My Cancer, My Mother and Me by Natalie Jayne Clark

So I’m sat in the doctor’s office next to my mother

And they say that everything’s fine

That my back pain is something benign

In response Mum is kind and polite

But when we leave her face is set tight

It’s that mother’s intuition

We must go to another physician

He could tell something was wrong straightaway

My vertebrae on the x-ray were all misshapen and strange

So I’m being wheeled through the ward with my mother

I was 11 so all I knew was that cancer was bad

That all these other children were all bald and sad

I passed by each bloated exhibit

Pretending I was just there for a visit

But I was given my own enclosure

And still she kept her composure

She just sat and unpacked

And stayed matter-of-fact

We ignored each other as I played

Kirby, James Bond and Mario games

Which had to stop when they came

And we both cried the same

Because there were now drips in both my arms

And we could no longer pretend I was still unharmed

So I’m sitting on the hospital bed without my mother

This was one thing she couldn’t bear to see

Went for a tea and left me

Held up by my brittle arms of sticks

Shaking, as around me the clicks

From the hairdresser’s scissors are cleaving

My hair away, and I’m grieving

At least I won’t wake up each day

With all of those fallen strands getting in the way

So I’m lying on the hospital bed with my mother

She’d holding the bed pan under me

As I attempt not to cover her in wee

My life’s become liquids and solids in

And out of my body, my body that’s so thin

My mum’s voice a month ago

Was purpled and screaming and low

When I wouldn’t eat and ignored her

Scared her teenage daughter had an eating disorder

Here I am, so malnourished and sick

That I fractured my back just taking a shit

That I hadn’t been able to do

For days – my god, what a poo

The scream was the most intense mixture of relief

And pain, fucking beyond belief

So I’m walking up the steps towards my mother

I am not allowed to leave hospital until

I reach the top, and I will.

Lifting each foot is a shaking agony

My time in bed I’ve lost so much muscle from me

The moment eerily recalls when I learnt to swim

With my aching burning crying limbs

Her at the end of my test

Both of us equally distressed

Her arms out wide and radiating care

And me getting a load of snot in her hair

So, I’m finally at home with my mother

But we both know we’ve got years of it yet

That this is simply just the next step

That there’s no point in them getting anything new

For soon all of it will be covered in puke

Some days I manage school but

Other days I’m stuck

In bed, in hospital, but either way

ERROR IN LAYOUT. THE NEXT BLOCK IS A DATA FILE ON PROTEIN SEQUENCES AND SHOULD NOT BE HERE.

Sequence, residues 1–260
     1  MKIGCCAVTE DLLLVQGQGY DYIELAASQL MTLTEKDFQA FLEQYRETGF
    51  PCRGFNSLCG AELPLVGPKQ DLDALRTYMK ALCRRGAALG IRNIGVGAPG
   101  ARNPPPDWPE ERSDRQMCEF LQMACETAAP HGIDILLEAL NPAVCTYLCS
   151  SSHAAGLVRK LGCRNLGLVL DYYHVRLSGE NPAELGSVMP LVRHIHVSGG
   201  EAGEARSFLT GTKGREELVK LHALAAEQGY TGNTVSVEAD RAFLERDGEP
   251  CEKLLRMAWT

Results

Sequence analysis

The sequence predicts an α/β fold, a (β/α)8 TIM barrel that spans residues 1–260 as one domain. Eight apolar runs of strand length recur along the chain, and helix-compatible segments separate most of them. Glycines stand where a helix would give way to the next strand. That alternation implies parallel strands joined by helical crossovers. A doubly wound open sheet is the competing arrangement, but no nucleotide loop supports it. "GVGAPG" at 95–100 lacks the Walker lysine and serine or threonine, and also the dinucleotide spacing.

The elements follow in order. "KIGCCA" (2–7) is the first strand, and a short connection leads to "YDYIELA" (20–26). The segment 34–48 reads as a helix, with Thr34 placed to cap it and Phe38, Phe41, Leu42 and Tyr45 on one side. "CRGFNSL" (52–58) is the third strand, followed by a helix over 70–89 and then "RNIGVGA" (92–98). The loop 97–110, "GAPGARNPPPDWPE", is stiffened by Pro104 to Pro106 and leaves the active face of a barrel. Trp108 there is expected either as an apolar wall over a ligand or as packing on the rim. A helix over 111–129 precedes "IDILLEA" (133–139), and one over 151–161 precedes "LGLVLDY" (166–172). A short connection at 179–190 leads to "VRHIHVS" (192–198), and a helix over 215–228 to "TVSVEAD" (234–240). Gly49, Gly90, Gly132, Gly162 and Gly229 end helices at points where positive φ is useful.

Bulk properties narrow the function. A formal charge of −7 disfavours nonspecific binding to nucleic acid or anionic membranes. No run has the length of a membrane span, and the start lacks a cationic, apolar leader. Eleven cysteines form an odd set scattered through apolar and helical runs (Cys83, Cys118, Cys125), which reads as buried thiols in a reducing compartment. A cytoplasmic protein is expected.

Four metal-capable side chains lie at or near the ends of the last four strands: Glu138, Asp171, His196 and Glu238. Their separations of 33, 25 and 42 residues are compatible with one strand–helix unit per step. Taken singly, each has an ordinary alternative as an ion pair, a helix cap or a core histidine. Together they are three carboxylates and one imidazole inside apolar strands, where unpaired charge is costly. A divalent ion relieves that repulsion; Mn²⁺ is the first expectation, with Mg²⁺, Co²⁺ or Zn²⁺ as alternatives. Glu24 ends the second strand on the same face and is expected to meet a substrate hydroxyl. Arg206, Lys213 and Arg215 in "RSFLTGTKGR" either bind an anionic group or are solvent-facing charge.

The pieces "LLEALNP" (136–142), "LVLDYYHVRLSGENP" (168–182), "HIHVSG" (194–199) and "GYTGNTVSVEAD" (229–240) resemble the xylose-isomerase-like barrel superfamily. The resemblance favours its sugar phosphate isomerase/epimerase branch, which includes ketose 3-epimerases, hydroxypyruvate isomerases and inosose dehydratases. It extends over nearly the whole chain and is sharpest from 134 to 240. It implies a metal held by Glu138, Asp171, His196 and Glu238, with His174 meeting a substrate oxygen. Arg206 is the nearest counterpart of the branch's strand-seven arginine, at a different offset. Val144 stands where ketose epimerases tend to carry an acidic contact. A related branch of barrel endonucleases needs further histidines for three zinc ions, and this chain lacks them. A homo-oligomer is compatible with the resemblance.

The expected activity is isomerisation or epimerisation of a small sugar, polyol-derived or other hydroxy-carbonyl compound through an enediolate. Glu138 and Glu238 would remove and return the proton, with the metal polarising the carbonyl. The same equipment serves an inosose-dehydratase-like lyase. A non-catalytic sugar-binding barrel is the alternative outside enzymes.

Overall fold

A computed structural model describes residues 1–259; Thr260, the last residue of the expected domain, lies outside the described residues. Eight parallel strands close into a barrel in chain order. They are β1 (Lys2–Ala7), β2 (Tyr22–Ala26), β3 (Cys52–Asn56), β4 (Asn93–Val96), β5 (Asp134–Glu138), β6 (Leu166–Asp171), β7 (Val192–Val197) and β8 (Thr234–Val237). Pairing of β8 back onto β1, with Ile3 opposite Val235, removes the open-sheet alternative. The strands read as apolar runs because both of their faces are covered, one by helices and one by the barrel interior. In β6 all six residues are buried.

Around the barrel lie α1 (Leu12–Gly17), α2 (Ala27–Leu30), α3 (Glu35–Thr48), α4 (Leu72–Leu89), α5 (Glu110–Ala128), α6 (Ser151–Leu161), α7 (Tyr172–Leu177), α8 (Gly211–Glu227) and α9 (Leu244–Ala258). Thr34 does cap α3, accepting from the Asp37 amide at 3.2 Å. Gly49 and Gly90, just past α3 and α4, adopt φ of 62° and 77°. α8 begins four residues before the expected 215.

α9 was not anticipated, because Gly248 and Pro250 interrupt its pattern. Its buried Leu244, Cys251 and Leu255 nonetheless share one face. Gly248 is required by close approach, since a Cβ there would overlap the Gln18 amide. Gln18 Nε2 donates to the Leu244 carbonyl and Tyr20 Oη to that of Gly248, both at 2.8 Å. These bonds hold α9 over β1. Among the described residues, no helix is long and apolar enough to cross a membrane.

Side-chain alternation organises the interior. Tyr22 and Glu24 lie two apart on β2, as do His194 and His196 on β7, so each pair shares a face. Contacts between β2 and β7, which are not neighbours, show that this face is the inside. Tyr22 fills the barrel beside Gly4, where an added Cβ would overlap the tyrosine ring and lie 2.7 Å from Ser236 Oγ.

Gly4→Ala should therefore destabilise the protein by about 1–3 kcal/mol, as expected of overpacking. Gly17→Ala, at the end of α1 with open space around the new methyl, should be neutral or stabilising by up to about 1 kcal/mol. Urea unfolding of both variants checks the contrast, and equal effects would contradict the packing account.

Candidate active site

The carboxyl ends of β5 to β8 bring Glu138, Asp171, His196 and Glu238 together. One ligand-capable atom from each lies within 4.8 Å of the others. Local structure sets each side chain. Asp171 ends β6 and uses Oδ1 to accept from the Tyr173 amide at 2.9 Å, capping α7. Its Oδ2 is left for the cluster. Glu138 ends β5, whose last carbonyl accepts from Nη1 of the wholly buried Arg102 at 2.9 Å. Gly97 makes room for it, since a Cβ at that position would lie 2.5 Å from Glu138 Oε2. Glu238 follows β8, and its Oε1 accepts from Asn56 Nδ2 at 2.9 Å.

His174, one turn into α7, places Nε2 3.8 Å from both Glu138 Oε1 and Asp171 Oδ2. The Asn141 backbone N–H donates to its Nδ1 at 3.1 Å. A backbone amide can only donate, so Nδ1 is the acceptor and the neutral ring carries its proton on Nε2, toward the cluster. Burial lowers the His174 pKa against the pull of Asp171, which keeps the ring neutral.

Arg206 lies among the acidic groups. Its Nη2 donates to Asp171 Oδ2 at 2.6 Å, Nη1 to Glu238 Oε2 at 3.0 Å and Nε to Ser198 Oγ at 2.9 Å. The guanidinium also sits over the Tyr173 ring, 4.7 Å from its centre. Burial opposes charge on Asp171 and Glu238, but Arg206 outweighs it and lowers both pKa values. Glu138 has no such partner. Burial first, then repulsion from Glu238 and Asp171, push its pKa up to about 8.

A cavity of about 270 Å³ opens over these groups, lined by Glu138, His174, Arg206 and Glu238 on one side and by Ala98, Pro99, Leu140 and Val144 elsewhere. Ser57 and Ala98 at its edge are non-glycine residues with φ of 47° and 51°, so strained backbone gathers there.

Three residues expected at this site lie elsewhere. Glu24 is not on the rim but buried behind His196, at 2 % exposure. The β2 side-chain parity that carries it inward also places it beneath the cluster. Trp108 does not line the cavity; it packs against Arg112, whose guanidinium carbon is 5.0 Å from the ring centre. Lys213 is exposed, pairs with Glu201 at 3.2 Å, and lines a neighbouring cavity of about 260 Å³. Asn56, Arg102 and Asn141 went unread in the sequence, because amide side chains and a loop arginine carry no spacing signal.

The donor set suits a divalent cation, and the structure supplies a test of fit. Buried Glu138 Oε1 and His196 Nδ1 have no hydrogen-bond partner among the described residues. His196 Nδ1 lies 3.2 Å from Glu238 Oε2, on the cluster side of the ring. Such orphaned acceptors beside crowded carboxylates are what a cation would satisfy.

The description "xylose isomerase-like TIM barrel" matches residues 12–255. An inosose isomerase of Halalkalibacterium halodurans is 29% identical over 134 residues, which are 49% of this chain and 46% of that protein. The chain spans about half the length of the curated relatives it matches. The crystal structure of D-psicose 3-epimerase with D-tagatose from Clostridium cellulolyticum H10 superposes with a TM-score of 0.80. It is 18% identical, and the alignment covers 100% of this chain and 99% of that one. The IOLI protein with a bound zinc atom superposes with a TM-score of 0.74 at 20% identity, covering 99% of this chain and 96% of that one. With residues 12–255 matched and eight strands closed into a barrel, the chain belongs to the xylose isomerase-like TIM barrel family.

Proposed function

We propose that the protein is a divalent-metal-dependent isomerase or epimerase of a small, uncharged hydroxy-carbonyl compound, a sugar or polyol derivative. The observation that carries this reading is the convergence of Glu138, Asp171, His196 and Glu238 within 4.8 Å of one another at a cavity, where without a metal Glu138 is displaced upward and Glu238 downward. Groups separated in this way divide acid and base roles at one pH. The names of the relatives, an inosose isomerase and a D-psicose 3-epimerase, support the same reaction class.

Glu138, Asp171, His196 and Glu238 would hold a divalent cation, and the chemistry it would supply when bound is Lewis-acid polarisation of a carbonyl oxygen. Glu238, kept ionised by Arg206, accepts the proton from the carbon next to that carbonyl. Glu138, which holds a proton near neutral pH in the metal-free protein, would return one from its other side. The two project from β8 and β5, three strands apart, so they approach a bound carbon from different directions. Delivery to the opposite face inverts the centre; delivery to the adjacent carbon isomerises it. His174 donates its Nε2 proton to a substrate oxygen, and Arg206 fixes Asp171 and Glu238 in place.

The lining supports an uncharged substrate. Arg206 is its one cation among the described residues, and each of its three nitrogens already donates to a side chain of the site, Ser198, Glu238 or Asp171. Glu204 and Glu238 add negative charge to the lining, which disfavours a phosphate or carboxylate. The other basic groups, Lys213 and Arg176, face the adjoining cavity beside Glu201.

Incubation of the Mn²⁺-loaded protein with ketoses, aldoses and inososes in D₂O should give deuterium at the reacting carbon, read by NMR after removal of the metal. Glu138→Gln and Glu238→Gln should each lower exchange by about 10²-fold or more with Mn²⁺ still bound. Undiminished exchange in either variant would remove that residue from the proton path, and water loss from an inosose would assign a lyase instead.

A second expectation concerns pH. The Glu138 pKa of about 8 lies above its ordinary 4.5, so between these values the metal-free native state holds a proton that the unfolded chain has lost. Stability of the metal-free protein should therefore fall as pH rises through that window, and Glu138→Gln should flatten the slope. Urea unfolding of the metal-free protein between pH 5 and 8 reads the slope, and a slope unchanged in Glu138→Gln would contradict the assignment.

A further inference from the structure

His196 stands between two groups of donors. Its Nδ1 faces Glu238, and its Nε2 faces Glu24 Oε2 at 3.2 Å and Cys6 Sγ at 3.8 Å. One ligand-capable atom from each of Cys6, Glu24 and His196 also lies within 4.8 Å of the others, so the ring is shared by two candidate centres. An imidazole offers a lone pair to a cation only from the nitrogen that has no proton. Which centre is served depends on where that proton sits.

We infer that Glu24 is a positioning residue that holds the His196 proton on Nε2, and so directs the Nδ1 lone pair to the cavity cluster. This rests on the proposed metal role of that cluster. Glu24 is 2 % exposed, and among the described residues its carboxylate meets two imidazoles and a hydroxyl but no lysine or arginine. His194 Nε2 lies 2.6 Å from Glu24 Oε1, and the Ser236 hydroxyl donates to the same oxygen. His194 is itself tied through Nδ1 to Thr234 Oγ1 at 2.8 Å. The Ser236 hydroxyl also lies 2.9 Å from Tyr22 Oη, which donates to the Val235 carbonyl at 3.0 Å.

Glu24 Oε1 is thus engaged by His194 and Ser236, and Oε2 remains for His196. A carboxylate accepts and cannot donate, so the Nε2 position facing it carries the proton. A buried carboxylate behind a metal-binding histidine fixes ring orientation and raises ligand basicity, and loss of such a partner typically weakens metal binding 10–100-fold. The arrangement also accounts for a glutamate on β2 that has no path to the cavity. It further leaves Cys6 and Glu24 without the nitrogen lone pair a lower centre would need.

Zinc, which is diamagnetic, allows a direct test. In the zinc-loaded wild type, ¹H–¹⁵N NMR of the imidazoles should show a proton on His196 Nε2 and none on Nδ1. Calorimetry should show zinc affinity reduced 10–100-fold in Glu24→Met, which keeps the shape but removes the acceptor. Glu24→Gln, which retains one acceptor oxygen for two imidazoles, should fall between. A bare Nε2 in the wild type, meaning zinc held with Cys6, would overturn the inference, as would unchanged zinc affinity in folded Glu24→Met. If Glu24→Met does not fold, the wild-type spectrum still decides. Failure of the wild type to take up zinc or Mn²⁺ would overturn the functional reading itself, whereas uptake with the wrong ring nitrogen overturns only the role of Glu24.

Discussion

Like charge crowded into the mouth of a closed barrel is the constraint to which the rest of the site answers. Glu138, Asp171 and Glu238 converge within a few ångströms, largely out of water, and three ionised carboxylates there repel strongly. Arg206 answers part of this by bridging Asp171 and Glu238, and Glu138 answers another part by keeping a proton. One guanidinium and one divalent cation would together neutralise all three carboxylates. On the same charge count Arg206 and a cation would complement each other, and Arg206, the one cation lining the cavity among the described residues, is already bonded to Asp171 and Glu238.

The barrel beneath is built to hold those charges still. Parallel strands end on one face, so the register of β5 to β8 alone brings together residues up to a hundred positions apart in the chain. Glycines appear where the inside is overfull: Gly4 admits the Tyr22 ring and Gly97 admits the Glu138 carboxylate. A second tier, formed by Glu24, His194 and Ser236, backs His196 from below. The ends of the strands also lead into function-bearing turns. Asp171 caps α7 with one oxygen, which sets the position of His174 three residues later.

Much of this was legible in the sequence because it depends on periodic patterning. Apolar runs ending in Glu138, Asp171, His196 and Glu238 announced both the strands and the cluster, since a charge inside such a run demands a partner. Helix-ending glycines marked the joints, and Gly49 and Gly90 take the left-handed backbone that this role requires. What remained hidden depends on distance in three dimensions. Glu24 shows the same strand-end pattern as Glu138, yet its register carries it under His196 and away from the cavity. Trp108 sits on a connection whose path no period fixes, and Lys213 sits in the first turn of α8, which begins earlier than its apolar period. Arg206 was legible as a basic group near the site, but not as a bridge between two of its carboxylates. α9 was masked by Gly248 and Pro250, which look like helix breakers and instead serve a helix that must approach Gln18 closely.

Cartoon Network and soaps punctuate our day

Along with treatments, and pills and drips

But in between it’s almost normal as if

I am just another teenager with a mood and a huff

It’s only now that I appreciate just how much stuff

I put that poor woman through

Because really she was going through this too

So I’m at school, without my mother, it’s the one place she can’t be

And I think I am normal and cool

But I have missed so much fucking school

And everyone else’s summer was spent

Growing and growing and they underwent

Changes in height, and knowledge and friends

And I was left stunted and alone by the end

But I try my best, even though I do stand out

I refuse to wear a wig even though all my long hair’s fallen out

And I am so weak that more than once when I try and pull an old heavy door

At my old heavy school, I instead pull myself flat onto the floor

Sometimes they are kind, but kids are kids and

Kids are cruel, lack that empathy and don’t understand

Sometimes it was the teachers who didn’t know how to behave

And I honestly did not think I was so brave

I was just trying to keep on living

And sometimes actually giving

Me extra attention or leeway

Made me feel more strange and ashamed

So, I spend the next five years with my mother

Trying to carry on, trying to be normal

No matter how many times we’re in and out of hospital

My sister was just six when I was diagnosed

And now she’s taller than me and grown

Grown up too soon and I feel guilty

Because the one who was meant to be the big sister was me

And five years is a long time

To not know if you might die

And to have medicine that makes you feel shit

But also you’ll die if you don’t take it

But eventually there is in an end in sight

Eventually, we think, we hope, it will be alright

So I’m sat in the doctor’s office next to my mother

And they say that everything’s, now, fine.

Photo courtesy of J W on Unsplash

Categories: Health, PoetryTags: , , , , , ,

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